The University of Virginia received $143 million in biomedical research funding from the National Institutes of Health in 2016. With President Donald Trump’s recent announcement that he plans to cut $5.8 billion from the NIH’s budget, local neuroscientist Kelly Barford says it’s time to march.
As a member of Cville Comm-UNI-ty, a group of UVA professors, employees, students and friends not officially affiliated with the university, Barford has helped organize a mini March For Science in Charlottesville on April 22. The official March for Science takes place the same day in Washington, D.C., and the global movement hopes to champion the vital role science plays in the economy, government and elsewhere.
“Charlottesville is an incredible area for scientists,” she says, alluding to the city’s emergence as a hub for the biotech industry, and the many opportunities presented by the university. But a cut in the NIH budget is a major threat to local scientific advancement, she says.
“The second [threat] is, more generally, on the scientists,” Barford continues. “We tend to not communicate with the community on what we’re doing and what kind of impact that might have.”
So from 1:30-3pm on Earth Day at IX Art Park, local scientists will wear name tags that say “ask me about [insert field of study].” They, along with other science enthusiasts, will give a series of five-minute talks. And rows of booths will offer interactive activities and other information for adults and children.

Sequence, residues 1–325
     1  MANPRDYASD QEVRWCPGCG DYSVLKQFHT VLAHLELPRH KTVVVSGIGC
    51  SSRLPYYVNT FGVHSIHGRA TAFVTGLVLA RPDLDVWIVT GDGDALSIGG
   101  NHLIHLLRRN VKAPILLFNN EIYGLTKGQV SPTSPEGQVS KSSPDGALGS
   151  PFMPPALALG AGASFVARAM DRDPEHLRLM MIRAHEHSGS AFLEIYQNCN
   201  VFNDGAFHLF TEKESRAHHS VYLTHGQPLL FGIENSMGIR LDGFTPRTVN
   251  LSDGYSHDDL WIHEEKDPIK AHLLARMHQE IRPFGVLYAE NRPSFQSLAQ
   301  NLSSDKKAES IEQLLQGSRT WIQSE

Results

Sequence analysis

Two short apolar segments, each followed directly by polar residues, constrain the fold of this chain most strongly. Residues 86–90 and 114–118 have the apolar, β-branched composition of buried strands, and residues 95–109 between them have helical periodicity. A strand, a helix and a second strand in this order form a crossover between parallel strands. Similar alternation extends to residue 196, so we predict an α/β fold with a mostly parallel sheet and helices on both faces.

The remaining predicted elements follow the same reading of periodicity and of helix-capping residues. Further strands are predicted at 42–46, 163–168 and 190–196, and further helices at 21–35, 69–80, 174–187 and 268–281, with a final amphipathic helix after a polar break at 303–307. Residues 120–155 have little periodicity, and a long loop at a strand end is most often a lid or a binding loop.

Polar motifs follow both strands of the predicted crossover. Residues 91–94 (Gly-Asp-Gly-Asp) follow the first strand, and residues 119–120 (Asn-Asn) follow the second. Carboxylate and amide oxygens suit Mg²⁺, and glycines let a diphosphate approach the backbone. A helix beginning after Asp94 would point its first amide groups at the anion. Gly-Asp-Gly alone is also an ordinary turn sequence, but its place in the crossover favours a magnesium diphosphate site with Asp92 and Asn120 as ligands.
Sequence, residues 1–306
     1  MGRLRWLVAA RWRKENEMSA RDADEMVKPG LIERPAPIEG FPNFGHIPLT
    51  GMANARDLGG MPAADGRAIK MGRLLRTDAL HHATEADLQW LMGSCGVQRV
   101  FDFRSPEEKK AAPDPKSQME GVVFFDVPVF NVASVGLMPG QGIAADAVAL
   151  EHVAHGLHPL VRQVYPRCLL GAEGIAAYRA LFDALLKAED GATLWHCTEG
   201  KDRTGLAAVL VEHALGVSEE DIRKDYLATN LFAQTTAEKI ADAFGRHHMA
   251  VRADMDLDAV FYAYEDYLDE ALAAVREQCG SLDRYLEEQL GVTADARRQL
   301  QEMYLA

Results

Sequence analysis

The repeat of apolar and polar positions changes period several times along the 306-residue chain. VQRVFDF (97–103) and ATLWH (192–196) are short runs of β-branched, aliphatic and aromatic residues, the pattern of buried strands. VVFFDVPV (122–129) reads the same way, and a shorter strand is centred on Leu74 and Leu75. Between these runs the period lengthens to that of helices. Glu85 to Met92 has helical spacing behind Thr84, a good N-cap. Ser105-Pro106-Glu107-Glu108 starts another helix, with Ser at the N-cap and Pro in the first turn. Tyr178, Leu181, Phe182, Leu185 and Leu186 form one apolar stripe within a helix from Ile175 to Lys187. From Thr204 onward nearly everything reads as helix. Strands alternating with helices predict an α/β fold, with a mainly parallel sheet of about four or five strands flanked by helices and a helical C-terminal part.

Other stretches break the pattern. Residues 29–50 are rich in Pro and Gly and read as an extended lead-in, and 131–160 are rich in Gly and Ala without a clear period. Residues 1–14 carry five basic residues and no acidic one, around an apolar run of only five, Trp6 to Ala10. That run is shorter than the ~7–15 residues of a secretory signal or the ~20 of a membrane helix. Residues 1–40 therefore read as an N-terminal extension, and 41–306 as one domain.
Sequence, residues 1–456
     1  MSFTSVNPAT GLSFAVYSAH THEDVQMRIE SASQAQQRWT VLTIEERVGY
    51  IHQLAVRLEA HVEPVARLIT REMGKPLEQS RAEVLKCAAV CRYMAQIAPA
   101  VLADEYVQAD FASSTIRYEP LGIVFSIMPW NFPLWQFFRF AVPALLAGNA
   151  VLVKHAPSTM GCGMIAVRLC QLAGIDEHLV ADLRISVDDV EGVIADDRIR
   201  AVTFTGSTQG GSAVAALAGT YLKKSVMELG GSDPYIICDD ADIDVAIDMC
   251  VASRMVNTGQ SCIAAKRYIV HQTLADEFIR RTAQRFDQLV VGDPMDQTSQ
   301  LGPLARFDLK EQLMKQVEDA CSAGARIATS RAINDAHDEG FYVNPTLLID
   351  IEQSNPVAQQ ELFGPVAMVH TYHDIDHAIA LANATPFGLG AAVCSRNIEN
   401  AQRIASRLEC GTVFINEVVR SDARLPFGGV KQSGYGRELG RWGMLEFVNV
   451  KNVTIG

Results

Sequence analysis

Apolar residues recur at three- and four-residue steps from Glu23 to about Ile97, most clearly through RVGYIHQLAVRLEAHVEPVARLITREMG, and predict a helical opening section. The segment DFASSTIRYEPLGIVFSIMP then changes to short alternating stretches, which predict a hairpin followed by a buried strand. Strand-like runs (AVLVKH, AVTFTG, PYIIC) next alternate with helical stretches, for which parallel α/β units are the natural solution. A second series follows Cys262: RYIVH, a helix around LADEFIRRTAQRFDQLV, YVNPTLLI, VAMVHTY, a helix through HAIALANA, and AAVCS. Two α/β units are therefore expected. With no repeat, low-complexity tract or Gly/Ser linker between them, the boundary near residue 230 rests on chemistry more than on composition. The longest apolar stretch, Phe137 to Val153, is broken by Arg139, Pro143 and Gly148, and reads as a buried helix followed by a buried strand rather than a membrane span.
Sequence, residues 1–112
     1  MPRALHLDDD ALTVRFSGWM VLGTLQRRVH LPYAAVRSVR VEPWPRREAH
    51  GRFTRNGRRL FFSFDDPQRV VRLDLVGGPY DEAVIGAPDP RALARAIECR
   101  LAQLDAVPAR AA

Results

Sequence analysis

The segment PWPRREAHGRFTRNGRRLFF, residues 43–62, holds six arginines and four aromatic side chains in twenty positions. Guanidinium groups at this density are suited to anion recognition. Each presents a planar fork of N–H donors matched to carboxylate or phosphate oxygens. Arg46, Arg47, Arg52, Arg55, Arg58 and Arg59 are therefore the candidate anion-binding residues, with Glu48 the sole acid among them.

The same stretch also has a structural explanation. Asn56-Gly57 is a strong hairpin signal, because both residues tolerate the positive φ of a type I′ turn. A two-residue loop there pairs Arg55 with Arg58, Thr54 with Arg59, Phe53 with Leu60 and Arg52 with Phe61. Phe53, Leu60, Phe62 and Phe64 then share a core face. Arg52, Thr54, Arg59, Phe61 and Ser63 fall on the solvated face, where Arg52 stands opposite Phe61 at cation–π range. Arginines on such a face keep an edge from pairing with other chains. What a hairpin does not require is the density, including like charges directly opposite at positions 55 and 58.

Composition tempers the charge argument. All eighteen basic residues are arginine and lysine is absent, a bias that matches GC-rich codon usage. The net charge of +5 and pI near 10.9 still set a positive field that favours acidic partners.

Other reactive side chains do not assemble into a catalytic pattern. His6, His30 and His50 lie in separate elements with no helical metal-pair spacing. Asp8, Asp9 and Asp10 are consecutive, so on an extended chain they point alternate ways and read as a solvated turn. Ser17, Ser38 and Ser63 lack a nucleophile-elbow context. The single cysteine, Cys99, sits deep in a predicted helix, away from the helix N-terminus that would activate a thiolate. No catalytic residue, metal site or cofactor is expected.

At 3pm, eventgoers will march, signs in hand, from the art park to the Sprint Pavilion.
Barford brainstormed some of her sign ideas before an April 12 march fundraiser at Three Notch’d Brewing Company. “Facts not quacks,” “Don’t hate, educate,” “Protect our planet” and “Research saves lives if funding survives” made the list.
Also in attendance was Cville Comm-UNI-ty member Judy White, a molecular virologist, who will take her support for science to the nation’s capital this weekend.
“I’m probably a typical scientist who’s a little more introverted by nature,” she says. “It takes an impetus to get us out to do something like this and I think there are two things going on with the march that we support—one is that it’s a celebration of science and all it does for us every minute of the day. But also, there’s this underlying fear that science is being a bit dismissed in society—belittled a little bit—and we worry that the current administration is more on the anti-science side of the spectrum.”
She will march alongside Dan Engel, another Cville Comm-UNI-ty member who studies in the same field, and has coordinated three buses of scientists and nonscientists that will pick up marchers for the Washington, D.C., rally at Scott Stadium at 6am April 22. Each bus holds 55 people and two are already full, he says. Tickets are $50 for the general public and $20 for students (there are 17 spots left).
“People used to debate about whether the world was flat or round, and then it was established that the world is round,” says Engel. “Climate change is in that category now.
“Scientists have reached the point where we think it’s time to stand up and show our politicians on both sides of the aisle that science is really important. We are professional fact finders.”